The efficacy of windbreaks in reducing the spread of citrus canker caused by Xanthomonas campestris pv. Citri

T.R. Gottwald, L.W. Timmer


The effects of windbreaks and copper (Cu) bactericide applications alone and in combination on the spread of Xanthomonas campestris pv. citri (Xcc) and incidence of citrus canker were tested in Argentina during 1990 and 1991. The monomolecular temporal model was the most appropriate for describing citrus canker disease progress. The monomolecular rate of disease progress was significantly less for Cu bactericide and windbreaks compared to an untreated control; however, more significant reductions of disease progress occurred with the use of windbreaks alone or in combination with Cu bactericide. Disease gradients were significantly less extensive when a Cu bactericide was used compared to untreated control plots, with significant additional reductions when windbreaks were employed. Temporal and spatial analyses of citrus canker epidemics indicated that the use of windbreaks was a more effective disease control strategy than the use of a Cu bactericide and significantly reduced temporal disease increase and spatial spread of citrus canker over time. As expected, Cu bactericide did reduce disease increase and spread but not as effectively as windbreaks. Temporal increase and spatial spread of disease associated with A-strain and B-strain of Xcc in lemon plantings were not significantly different indicating that for a susceptible host such as lemon, the two strains are equivalent in virulence and epidemiological potential.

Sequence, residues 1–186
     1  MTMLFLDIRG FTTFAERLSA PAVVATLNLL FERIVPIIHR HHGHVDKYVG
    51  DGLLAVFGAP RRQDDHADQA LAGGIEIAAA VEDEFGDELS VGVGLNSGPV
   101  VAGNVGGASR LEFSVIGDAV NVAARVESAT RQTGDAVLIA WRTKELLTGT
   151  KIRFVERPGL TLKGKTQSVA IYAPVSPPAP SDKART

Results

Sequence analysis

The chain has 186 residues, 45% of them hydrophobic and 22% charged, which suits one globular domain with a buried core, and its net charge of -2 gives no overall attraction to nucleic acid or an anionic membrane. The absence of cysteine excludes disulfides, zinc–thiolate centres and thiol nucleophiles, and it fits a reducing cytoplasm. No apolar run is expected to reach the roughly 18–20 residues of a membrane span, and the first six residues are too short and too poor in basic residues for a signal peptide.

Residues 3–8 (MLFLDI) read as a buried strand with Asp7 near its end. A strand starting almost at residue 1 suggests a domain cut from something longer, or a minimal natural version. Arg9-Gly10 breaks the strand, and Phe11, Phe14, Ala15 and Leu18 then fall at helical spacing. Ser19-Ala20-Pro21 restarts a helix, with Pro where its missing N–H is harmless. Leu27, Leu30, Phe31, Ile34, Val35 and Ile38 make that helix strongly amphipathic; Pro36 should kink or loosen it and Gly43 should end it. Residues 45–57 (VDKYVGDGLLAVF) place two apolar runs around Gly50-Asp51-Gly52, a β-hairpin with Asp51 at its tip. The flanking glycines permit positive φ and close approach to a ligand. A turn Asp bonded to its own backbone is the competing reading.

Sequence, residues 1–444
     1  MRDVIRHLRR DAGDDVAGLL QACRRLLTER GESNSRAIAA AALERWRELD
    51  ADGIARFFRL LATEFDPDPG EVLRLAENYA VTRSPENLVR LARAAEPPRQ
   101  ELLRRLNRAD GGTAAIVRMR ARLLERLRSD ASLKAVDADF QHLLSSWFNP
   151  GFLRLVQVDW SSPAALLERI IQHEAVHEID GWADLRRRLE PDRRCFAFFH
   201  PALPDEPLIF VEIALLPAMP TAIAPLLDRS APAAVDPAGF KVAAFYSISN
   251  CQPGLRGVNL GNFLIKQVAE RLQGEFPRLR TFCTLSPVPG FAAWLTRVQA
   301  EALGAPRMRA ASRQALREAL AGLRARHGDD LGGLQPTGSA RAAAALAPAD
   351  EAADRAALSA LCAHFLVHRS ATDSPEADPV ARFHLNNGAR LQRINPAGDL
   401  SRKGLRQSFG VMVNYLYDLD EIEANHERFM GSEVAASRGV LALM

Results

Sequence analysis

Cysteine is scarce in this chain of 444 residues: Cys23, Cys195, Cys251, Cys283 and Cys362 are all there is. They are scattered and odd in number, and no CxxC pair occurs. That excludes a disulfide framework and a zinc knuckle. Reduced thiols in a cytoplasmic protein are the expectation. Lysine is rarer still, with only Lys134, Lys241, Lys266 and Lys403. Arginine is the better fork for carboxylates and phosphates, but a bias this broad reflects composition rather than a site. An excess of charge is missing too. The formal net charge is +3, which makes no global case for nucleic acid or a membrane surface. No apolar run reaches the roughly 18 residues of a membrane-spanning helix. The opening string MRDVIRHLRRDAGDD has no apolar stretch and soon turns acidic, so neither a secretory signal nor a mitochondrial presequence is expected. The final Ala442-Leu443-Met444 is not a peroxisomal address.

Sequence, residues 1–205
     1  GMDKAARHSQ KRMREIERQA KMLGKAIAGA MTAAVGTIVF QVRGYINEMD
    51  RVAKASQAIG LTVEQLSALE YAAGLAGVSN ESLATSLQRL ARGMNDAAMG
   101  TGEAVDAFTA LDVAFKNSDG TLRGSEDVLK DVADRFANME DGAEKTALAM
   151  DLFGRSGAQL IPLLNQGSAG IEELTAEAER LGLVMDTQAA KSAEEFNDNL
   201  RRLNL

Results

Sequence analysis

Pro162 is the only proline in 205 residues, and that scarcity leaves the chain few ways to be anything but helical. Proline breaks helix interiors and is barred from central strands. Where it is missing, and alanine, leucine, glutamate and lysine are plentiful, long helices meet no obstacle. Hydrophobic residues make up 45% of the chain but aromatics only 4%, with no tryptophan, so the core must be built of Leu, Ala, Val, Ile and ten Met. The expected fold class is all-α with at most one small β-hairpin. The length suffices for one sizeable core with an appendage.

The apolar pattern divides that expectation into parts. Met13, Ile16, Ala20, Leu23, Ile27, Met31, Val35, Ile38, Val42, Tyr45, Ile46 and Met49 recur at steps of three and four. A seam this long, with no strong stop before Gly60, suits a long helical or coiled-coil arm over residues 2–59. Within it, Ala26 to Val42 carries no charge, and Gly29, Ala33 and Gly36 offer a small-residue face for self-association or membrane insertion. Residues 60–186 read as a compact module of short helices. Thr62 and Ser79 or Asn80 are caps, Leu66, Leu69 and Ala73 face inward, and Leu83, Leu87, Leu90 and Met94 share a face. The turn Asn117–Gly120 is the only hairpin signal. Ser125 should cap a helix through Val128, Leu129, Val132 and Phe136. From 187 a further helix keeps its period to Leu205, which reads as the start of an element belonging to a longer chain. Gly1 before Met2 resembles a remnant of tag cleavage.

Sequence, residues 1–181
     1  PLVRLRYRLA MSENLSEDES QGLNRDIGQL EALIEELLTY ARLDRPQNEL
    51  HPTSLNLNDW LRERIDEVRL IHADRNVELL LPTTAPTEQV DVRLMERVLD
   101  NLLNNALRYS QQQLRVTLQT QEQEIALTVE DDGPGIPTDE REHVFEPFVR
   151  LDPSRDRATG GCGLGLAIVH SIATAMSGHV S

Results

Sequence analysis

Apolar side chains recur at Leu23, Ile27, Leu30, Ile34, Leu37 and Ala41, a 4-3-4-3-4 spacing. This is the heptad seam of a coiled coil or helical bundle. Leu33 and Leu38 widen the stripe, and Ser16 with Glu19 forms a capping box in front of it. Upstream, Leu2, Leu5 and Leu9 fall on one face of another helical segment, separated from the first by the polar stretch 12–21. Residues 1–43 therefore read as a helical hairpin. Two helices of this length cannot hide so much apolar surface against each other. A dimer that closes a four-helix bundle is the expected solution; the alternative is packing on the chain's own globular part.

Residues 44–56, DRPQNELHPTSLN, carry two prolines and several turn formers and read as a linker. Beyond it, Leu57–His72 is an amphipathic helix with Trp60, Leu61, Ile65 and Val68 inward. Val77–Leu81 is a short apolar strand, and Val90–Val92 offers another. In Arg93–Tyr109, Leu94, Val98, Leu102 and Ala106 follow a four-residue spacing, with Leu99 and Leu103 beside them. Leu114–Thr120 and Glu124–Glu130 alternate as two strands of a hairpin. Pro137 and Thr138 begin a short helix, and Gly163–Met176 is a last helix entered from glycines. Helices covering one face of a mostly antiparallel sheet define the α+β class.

Citrus canker; Xanthomonas campestris pv. citri; Disease increase; Disease gradient; Windbreaks; Copper

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